George Kollias: Priest Of Speed

He shakes his head at the memory. “I did a lot of head-drumming back in the day because we were living in an apartment, and we didn’t have enough money to rent a studio. So the first ten years of my ’playing’ was mostly like ear training and no drumming, but it got me to the point where I could play for any class of metal band, professionally. Importantly, too, I was very serious about it from the first year, even if just in my own head, and from the age of 13 or so I could play some insane songs, like Slayer’s – I mean really tough songs.”

George Kollias

Kollias’ Setup

Drums Pearl Reference Pure (Piano Black)
1. 22" x 18" Bass Drum
2. 14" x 6.5" Snare
3. 8" x 7" Tom
4. 10" x 8" Tom
5. 12" x 9" Tom
6. 13" x 10" Tom
7. 14" x 14" Floor Tom
8. 16" x 16" Floor Tom
9. 14" x 12" Tom (left side)
10. 12" x 5" Snare

Cymbals Sabian
A. 14" AAX Stage Hats
B. 8" Chopper
C. 7" Signature Max Splash
D. 20" AAX Metal Ride
E. 14" HHX Evolution Mini Chinese
F. 17" AAXtreme Chinese
G. 17" AAX Dark Crash
H. 8" Hand Hammered China Kang
I. 10" HHX Evolution Splash
J. 17" AAX Studio Crash
K. 10" AA Mini Hats 10 (half open)
L. 12" AA Mini Hats 12 (closed)
M. 18" HHX Power Crash
N. 22" AAX Metal Ride
O. 18" HHX Evolution Chinese
P. 19" AAXtreme Chinese
Q. 13" AAX Stage Hats
R. 18" APX Ozone Crash

S. RhythmTech Ribbon Crasher
T. Pearl Tambourine “foot snare”
U. Roland KD-7 Kick Pad

George Kollias also uses Vic Firth SGK (George Kollias Signature) sticks, Evans heads (EQ2 Clear on bass drums; HD Dry Coated on 14" and 12" snare; G2 Clear on 8", 10", 12" and 13" toms and 14" and 16" floor toms; Hydraulic Glass on 14" tom (far left); G1 Clear on all Toms/Floor Tom resos, and Hazy 300 on both snare resos), Axis A Longboard pedals on bass drums, electronic kick, foot snare, and ribbon crasher; Pearl hardware (Eliminator Hi-Hat stands, Roadster Throne, OptiMount Suspension System), Axis E-Kit Kick Triggers, Alesis DM Pro module, and Extreme Isolation Headphones.

All this practice, mental or otherwise, is still aided occasionally by a metronome, though Kollias’ feelings about that device are ambivalent. He has, he says, a “daily relationship” with the metronome, like when Nile rehearses in the studio and also when he does clinics. “Of course I use it, but I try not to use it. When I was younger I was forcing myself to practice with a metronome, and now I force myself to not practice with a metronome. I think my inner clock is good enough, and I just go for the feel and groove.”

Nile’s immense world tours keep the band on the road for months at a stretch, and the players’ health and well-being are prime considerations, too, as they’re in it for the long haul. Kollias’ doctor harshly warned him about the importance of warming up before performances. “If you perform everyday and play so much for months and months, then you get a little bit lazy,” he says. “Picture going out onstage and from the first song playing 280 beats per minute, single kick or double kick. Sounds very athletic, yeah, but the fact is, I was being lazy by not stretching before playing, and developed tendonitis in my leg as a result. You need to warm up and stretch just to save yourself.”

There are other physical ailments that, as every drummer knows, are just par for the course, like blisters and cramps. “Whatever happens, you have to just keep going,” Kollias laughs. “You can’t tell the crowd, ’Hey guys, I’m sorry, I have a cramp, let’s take a break!’”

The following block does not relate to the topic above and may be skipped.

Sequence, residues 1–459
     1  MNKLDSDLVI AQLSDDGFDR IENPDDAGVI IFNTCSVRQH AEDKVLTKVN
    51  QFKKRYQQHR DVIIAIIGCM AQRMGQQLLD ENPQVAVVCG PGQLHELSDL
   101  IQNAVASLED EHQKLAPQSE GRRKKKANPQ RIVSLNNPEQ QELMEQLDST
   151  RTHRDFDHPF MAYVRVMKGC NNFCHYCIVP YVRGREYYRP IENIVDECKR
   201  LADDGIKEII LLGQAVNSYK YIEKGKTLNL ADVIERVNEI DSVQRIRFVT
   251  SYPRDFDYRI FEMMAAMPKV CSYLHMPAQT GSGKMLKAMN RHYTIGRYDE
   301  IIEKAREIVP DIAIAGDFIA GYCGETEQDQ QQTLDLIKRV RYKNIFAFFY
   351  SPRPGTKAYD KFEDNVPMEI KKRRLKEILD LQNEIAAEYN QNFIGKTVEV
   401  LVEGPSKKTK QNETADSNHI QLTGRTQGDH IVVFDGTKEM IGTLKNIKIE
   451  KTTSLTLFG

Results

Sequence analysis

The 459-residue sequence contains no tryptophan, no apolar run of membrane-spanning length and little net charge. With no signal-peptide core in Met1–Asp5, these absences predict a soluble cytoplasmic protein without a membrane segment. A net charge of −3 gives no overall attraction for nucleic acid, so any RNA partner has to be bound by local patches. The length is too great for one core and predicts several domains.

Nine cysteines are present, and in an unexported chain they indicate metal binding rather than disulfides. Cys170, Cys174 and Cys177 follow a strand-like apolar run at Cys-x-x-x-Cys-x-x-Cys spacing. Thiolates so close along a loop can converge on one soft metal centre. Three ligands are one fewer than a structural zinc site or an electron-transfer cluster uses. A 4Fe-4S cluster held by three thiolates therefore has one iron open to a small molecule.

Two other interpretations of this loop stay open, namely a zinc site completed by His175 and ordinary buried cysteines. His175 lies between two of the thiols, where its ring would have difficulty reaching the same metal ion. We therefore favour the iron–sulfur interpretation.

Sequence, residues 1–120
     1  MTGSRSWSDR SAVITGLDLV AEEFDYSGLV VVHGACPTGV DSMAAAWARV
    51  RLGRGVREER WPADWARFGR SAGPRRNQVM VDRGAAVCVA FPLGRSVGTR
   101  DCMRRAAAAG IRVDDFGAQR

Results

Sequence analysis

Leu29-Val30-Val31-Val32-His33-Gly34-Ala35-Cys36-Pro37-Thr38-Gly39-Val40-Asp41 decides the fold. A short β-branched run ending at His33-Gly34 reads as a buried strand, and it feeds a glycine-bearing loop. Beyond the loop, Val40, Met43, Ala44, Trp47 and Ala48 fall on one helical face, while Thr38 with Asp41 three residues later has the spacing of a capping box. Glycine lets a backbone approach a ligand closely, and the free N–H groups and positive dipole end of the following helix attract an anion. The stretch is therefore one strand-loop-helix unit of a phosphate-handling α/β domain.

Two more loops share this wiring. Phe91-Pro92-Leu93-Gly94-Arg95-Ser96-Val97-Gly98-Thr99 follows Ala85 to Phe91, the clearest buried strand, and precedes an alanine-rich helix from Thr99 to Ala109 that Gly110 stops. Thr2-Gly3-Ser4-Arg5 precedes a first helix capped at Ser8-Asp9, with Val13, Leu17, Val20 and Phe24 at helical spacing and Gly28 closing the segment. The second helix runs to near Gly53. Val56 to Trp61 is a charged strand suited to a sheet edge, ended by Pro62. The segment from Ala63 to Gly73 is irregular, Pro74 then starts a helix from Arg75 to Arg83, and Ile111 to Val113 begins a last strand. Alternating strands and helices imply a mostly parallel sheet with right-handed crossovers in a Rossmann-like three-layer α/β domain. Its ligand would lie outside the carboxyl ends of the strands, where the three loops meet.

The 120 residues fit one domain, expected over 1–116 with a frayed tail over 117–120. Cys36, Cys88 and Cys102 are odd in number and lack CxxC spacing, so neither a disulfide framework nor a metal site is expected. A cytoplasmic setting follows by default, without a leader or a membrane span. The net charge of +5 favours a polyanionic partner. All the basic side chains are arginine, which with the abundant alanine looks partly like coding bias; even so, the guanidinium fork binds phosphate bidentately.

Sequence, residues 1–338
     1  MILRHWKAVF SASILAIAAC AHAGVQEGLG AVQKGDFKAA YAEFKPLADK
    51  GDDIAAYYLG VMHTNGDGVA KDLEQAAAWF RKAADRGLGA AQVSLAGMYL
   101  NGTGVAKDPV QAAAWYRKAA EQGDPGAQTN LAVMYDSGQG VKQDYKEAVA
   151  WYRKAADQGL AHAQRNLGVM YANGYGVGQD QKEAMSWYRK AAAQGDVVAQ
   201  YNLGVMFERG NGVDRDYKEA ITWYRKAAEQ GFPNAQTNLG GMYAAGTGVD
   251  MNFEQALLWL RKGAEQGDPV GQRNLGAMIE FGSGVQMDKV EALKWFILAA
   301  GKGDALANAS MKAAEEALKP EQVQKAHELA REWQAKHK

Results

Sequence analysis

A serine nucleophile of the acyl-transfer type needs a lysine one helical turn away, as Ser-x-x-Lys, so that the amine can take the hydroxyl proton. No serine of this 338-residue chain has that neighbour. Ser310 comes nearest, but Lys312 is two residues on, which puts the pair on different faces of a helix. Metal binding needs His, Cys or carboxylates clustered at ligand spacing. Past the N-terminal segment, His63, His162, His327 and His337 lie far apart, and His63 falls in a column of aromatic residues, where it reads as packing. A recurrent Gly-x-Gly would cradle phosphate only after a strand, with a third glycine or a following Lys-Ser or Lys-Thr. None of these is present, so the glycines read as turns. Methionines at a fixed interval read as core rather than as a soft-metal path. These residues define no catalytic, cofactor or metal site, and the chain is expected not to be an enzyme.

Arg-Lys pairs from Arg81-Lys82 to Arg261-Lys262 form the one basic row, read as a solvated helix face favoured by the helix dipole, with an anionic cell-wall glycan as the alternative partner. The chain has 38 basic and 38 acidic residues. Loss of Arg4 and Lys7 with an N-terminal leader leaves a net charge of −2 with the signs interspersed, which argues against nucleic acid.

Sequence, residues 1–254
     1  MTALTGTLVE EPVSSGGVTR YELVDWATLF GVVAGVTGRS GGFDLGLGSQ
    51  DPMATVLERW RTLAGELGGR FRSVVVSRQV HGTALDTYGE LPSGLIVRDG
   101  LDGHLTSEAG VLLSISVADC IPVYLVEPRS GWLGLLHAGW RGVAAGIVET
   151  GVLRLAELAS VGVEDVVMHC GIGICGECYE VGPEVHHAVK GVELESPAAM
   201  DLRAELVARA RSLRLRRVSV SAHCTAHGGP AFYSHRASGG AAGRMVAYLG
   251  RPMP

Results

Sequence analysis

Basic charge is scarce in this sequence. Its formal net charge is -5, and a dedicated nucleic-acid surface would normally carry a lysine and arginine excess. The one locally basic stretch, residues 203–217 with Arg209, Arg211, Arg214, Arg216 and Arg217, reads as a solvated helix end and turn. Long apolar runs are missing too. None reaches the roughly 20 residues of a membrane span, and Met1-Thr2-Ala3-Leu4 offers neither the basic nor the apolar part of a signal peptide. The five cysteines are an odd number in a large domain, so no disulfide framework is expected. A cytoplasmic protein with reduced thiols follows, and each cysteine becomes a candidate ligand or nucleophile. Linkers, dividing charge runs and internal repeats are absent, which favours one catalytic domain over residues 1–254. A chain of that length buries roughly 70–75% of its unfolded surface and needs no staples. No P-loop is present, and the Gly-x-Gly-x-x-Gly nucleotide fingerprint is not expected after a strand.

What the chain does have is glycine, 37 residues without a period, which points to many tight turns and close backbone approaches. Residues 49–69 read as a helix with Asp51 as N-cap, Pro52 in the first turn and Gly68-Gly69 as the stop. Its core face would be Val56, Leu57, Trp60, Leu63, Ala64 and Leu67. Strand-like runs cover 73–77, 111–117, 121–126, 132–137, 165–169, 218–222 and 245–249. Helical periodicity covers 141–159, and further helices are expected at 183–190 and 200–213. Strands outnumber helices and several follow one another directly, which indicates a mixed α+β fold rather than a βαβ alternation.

Triggers: The Necessary Evil

Onstage, Kollias’ drums and miking setup are near identical to the gear employed in the studio. On most songs he plays the Pearl Reference Pure series, and he also has the new Reference II set, which he uses for clinics and for his DVD projects. His drum techs in Europe and the U.S. are always on hand to get his massive setup ready and able, and to deal with sundry weird jobs like figuring out how to cope with … melting beaters?

He laughs again. “I played with the plastic ones for years, but the problem with them is, when you’re onstage doing all these, like, miles of double-bassing, they melt and stick to the heads. So recently I began using felt. The plastic ones have a little more punch, so I can hear my kick louder, but I got so tired of the sticky thing, I got rid of them.”

Kollias is only so picky about his drums’ tuning, which he keeps wide open, with two obvious exceptions. “I like as much super-natural sound as possible, so yeah, I fine-tune to pretty low tuning, except we tune up the kick drums.”

The kicks are triggered off the heads for Kollias’ trademarked zillion-bpm footwork. No doubt, Kollias is ungodly speedy even without the triggers, but even he’s got to have a little help down there to get the full bullet-spray effect. “I’m not a big fan of triggering, but when I play metal I always use triggers,” he says. “Triggering for death metal is a necessity. I mean, if you like triggers, you have to use triggers; if you don’t like them, you still have to use them. There’s so much crap talk around about triggers; people think it’s cheating, etc. But they don’t understand that triggering is not only to show off a superfast drummer’s skills, it’s also for the band – the band needs the kick drums quadrupled or whatever so they can play the riffs.”

In the studio and onstage, Kollias likes a combination of organic and synthetic patches for his triggered sounds. “Everybody has already used the same digital or synthesized samples, and we use some of them, too. But in the studio we always mix them with acoustic things. In my studio here in Athens I use the Shure Beta 52 and the Beta 91 and mix them to get a lot of boom and punch and as much naturalness as possible.”

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